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Topic: Euclidean algorithm and Turk's head knots
Replies: 2   Last Post: Nov 24, 2012 8:25 PM

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Ciekaw

Posts: 13
Registered: 11/24/12
Euclidean algorithm and Turk's head knots
Posted: Nov 24, 2012 6:54 PM
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There is sometimes a need to generate one strand THK knots, of which
two characteristic parameters (leads and bights) must be relatively first:
http://en.wikipedia.org/wiki/Turk 's_head_knot#Leads_and_bights

The ancient Romans knew these knots. For example traced mosaic:
http://upload.wikimedia.org/wikipedia/commons/f/f4/Bosra_mosaic.jpg
(Roman Theatre in Bosra, Syria, built in the second quarter of the 2nd century )

Interestingly, by manipulating this knot we can find a reduction algorithm
in a natural way.
Surprisingly, it's nothing else but Euclidean algorithm :-)
It's possible so that Euclide discovered his algorithm by reducing leads (L)
and bights (B) in THK.

Observing problem for the case of a more general multi-strand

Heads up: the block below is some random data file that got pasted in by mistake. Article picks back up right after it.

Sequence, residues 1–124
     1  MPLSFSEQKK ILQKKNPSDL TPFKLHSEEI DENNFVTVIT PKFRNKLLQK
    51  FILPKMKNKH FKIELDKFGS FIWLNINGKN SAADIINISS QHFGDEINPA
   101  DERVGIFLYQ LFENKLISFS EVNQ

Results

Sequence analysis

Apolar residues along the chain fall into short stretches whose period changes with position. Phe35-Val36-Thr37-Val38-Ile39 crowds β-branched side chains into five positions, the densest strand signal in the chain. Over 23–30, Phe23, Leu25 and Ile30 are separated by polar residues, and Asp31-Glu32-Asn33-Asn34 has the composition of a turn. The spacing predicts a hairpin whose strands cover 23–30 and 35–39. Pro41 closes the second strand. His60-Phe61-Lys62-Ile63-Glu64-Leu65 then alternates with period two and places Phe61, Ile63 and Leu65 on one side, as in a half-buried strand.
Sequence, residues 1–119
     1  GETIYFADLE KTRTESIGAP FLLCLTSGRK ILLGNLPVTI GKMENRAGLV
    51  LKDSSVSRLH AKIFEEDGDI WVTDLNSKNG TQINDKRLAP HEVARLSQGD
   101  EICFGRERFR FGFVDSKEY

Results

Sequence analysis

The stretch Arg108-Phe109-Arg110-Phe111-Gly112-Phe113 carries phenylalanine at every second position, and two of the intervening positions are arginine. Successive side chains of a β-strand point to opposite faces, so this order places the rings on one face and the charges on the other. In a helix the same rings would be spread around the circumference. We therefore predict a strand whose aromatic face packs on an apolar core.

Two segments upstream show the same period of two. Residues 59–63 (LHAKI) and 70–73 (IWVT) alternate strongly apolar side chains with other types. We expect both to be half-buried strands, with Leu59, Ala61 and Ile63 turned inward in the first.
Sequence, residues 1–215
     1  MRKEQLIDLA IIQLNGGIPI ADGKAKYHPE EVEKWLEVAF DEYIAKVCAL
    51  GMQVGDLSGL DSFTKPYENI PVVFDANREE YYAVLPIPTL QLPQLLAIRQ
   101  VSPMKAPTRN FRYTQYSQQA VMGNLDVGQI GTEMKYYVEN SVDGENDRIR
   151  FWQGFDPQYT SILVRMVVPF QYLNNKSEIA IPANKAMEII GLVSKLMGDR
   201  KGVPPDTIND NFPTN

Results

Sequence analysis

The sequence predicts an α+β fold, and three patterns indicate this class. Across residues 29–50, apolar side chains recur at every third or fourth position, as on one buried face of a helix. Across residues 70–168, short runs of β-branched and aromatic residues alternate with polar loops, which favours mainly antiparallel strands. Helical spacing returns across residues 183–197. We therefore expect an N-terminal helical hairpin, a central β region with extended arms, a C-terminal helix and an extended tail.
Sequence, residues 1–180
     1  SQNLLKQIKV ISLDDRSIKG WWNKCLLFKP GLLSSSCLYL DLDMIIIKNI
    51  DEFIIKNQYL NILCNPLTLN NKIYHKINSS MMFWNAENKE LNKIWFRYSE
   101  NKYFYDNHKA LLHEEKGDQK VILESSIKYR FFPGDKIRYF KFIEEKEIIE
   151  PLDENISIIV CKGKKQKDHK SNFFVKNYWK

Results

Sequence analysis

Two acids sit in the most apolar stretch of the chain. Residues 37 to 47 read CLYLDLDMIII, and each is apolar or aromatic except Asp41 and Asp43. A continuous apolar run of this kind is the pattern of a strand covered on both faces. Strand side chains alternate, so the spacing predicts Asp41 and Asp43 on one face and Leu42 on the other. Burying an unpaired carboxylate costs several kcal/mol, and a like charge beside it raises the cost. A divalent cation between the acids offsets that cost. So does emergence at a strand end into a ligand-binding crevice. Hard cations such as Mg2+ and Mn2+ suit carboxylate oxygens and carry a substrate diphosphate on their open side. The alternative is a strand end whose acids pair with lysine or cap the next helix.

(for example 3 strand (S)).

This knot THK has 6 bights (B) , 9 leads (L) and 3 strands (S)
(separate thread):
http://www.narval.republika.pl/obrazki/B6L9.jpg

You can reduce it, without changing the amount of strands,
Using the Euclidean algorithm for the number of B and L.

The reduced knot has 6 B, (9-6) = 3 L and S 3 separate thread:
http://www.narval.republika.pl/obrazki/B6L3.jpg

We can reduce further without changing the amount of S.
(6-3) = 3 B, 3 L, and 3 separate S:
http://www.narval.republika.pl/obrazki/B3L3.jpg

Next step is impossible, we have reached the minimum.

You can get to the algorithm yourself by cutting the knots THK.
This is here:
http://www.narval.republika.pl/B6L9S3aB6L3S3.jpg
http://www.narval.republika.pl/B6L3S3aB3L3S3.jpg

Perhaps Euclid had come up with the idea of their algorithm in the same way
as I showed you?

I have used the Euclidean algorithm in generating these diagrams:
www.narval.republika.pl
Then I noticed that they are topologically similar to an ,occurring in many forms, ancient mosaics.
http://search.getty.edu/museum/records/musobject?objectid=7665
There were probably used logarithmic spirals, and I applied the arithmetic spirals.
Then it turned out that Leonardo da Vinci had a similar idea.
Here is a copy of the emblem by the master Durer himself :
pl.wikipedia.org/wiki/File:Copy_of_emblem_of_school_of_Leonardo_da_Vinci.jpg

What do you think about my hypothesis about Euclid's algorithm?

Regards, Ciekaw



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